[Source: Associated Press] — The Maricopa County Board of Supervisors is considering a plan proponents say will result in more recycling, better air quality, and improved decisions about land and building use. The program calls for planting garden roofs on its buildings to help offset the heat-island effect while requiring the use of solar energy or other renewable resources in the design of most new county buildings. And county workers would rely more on electronics, less on paper, and less on travel.
In approving the proposal unveiled Monday, supervisors would join other large county governments in setting comprehensive environmental policies. “It’s important for us to set the example and walk the walk,” Supervisor Don Stapley said. Stapley, R-District 2 of Mesa, is set to take over as president of the National Association of Counties this summer. He said he plans to make environmental policies a cornerstone of his term. “It will be a huge shift in the paradigm of how we do business,” Stapley said. “We want counties to be a catalyst for the change in the mindset of Americans.”
Officials said one main goal of the program is to save taxpayers money, although many of the measures would involve short-term costs. The strategies are essential to keeping costs and resources down as the county’s population continues to soar, authorities say. “Counties are now getting to the point where they’ve analyzed things like their air quality, transportation, building policies and now, we’re starting to see the trend where they’re taking all those pieces and putting them into a broader sustainability plan,” said Kelly Zonderwyk, a senior associate of the national counties association who runs its Green Government Initiative. “Green is sort of here to stay, and we need to be doing something to help the environment and to save taxpayer dollars.”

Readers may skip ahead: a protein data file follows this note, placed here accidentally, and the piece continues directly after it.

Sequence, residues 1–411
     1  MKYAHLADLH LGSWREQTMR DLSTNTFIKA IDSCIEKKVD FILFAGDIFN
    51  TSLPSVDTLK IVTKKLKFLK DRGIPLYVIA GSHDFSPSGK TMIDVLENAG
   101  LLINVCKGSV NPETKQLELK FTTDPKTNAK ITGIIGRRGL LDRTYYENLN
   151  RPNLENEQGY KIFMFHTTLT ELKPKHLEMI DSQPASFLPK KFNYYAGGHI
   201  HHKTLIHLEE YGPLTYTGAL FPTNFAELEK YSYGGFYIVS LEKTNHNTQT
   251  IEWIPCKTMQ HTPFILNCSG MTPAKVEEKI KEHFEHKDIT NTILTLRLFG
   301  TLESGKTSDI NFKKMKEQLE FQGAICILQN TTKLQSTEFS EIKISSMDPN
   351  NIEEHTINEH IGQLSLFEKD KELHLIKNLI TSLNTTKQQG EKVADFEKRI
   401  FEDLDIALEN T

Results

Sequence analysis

Goals set out by the county include increasing recycling while decreasing the use of paper. Several departments would step up the use of electronic documents while cutting down on hard copies. They also plan to increase by an average of 5% each year the amount of recycled and remanufactured products used.